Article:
Principal’s Press Conference, 5/2/24

This article was written by the members of the Journalism class. 


On Thursday, May 2nd, Steven Dellinger-Pate sat down with the journalism class to answer questions about the most up-and-coming topics around U-32. This is the sixth article in an ongoing series called Principal’s Press.


5/2 Topics

  • Steven is Super!
  • Advice for Steven’s Successor
  • Courage to Speak Foundation Presentation
  • Student Enrollment Decline
  • Relocation Drills
  • U-32 Stance on Foreign Affairs
  • Where’s Wall Art?
  • U-32 Budget Revote



Steven is Super!

By Maia Pasco and Evelyn Rocha


Steven Dellinger-Pate is Washington Central Supervisory Union’s new superintendent. As the new superintendent Steven’s goals for the upcoming years are to focus on 3 big topics going on in our district right now: reconfiguration, instruction, and implementing a new strategic plan.


For reconfiguration, with the new budget developments, Steven plans to focus on the needs of the students. “We are going to look in the future to make sure that our students have all the opportunities that we can provide them,” Steven said. 


He also plans to have a potent focus on instruction, “I want our teachers to be as strong in the classroom as they can because that’s what you deserve as students,” he said. He is planning to provide training, support, and feedback for the educators at U-32. “I think that’s really important,” he said. 


Finally, he wants to implement new strategic planning that focuses on 5 core values. According to Steven, those values are “rigorous curriculum and instruction, focus on humanity and justice, transparency and its governance and leadership.” Steven said that he wants to make those values part of U-32’s experience.


With a new budget in the making, U-32 is focusing on reconfiguring the district in order to meet the needs of the students, staff, and the community. For more information on reconfiguration refer to Chronicle student journalist Ari Chapin’s article series, Population and Education


Steven is a little nervous about his new position, “it’s a big change for me,” he said. “And I really love being here [at U-32].” After all, he has been principal of U-32 for 10 years. 


Steven says he will miss being at U-32 everyday but that he believes he has something new to offer the district and community as superintendent. However, he does acknowledge that the district has challenges up ahead. ”We’re going to have a hard time figuring out what’s right for everybody,” he said. “And making sure that we have schools.”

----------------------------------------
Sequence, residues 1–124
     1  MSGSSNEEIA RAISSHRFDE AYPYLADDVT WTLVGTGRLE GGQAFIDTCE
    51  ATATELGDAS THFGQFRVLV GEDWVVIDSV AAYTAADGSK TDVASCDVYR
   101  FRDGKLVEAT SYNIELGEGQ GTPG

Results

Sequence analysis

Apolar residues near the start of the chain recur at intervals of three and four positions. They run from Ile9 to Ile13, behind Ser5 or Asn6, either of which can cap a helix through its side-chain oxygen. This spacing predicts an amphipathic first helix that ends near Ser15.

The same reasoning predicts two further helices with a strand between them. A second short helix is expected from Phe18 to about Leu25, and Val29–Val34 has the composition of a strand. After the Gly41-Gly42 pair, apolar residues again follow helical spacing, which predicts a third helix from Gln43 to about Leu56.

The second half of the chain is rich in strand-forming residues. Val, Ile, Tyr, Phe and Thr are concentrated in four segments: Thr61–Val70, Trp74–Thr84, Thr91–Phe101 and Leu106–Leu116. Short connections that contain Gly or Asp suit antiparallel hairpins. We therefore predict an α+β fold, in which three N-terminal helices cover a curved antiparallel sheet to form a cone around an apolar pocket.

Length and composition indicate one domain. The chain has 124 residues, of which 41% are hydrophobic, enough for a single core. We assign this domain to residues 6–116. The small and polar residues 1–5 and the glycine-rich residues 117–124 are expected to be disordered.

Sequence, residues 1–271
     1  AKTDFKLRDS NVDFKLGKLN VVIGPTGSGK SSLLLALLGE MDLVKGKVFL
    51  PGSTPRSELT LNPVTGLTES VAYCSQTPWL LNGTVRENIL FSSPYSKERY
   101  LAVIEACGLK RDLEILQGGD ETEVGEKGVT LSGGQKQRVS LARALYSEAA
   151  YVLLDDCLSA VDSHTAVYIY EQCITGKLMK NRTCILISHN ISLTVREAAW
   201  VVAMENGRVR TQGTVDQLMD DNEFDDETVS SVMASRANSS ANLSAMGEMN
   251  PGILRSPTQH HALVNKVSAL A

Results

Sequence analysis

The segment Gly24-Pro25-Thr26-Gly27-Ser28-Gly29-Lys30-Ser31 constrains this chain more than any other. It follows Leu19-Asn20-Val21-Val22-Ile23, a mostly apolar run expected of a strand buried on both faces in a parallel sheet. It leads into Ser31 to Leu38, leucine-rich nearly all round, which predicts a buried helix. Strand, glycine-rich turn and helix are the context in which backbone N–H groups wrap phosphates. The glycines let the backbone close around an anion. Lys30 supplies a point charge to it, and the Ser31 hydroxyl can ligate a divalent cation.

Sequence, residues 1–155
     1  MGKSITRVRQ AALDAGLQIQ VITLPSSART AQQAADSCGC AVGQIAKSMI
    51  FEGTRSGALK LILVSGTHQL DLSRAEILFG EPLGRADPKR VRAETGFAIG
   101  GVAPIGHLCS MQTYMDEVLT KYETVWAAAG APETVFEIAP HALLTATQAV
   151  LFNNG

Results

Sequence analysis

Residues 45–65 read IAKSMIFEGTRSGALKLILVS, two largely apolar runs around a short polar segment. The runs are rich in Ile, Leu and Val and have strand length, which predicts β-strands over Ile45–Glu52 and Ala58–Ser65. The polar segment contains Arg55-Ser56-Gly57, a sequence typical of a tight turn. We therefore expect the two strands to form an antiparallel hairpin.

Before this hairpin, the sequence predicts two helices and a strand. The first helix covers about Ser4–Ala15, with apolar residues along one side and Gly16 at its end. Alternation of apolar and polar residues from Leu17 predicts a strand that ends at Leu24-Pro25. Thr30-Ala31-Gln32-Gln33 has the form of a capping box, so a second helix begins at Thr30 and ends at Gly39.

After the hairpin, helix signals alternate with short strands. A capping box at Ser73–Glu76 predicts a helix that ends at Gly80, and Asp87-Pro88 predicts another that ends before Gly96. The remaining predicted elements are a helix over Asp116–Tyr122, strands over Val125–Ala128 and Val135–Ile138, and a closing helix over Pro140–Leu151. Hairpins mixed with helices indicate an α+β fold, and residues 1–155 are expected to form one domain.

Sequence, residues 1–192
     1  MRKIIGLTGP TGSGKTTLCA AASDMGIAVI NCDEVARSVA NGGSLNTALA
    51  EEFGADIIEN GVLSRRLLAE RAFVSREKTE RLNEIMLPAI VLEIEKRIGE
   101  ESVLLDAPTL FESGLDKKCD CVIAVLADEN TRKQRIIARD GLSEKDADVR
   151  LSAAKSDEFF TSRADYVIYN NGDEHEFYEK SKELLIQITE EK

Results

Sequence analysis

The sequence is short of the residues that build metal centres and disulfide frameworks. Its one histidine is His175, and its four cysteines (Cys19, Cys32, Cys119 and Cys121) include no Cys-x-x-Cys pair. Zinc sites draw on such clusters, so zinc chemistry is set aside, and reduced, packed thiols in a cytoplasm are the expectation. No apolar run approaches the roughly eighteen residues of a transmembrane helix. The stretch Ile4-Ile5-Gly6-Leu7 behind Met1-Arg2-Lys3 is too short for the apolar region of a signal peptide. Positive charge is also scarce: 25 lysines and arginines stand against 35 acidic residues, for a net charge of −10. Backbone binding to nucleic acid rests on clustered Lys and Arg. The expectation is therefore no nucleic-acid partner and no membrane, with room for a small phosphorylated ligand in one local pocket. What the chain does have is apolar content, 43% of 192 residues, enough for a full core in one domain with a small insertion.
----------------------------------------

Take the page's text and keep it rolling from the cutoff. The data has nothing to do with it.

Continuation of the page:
Steven hopes that under his leadership the district “can create learning communities that are really inclusive and make everybody feel welcome.”


Advice for Steven’s Successor

Lei DeGroot and Daniel Yaeger


Steven Dellinger-Pate is leaving U-32 to become the Superintendent of Washington Central Unified Union School District. His advice to his successor after serving over a decade at U-32. “I would say take the time to know people,” said Steven.   


He hopes that the next principal will, “Get to know their strengths and their weaknesses.” It’s important to him that the principal knows everyone and how they work. 


When Steven first came to the school he asked his colleagues,”[What] would be the worst thing that I could do, what would that be? And it was almost unanimous, and it was the TA system and the vibe.” The TA system is something that is really special. 


On a recent visit to the dentist he learned that people still cherish the TA system even years after their graduations. “Their TA happened to be Ellen Cooke, and so I said yep, still here,”

Steven said. 


Ensuring that the environment at U-32 is right, so that people can thrive is really important to Steven. “I think that the principal needs to create a climate and a culture where everybody can be their best,” said Steven. “Making sure that you’re creating a culture where you have all these opportunities for kids to express themselves to strive to be better, to fight for justice.” 


Steven feels that he is unable to claim credit for some of the greatest achievements that U-32 has seen. “To be fair, I didn’t actually do some of the things that are our best accomplishments during the time that I’ve been here,” he said. 


Steven believes that, “The deepest ethos that we strive towards, is caring for one another. And we don’t always do that well, right. We hurt each other, sometimes, we make mistakes but I think that our commitment to things like restorative practice demonstrates our desire to constantly try to make sure that we take care of each other.”


Courage to Speak Foundation Presentation

By Josie Haley & Elly Budliger


“That was not the quality we wanted to see. It was tough.”


Steven Dellinger-Pate has concerns about the Courage to Speak Foundation presentation given to students and faculty. The presentation was shown to students on May 1, 2024. “The students were absolutely fantastic in their respect for what was a difficult presentation to follow,” said Steven.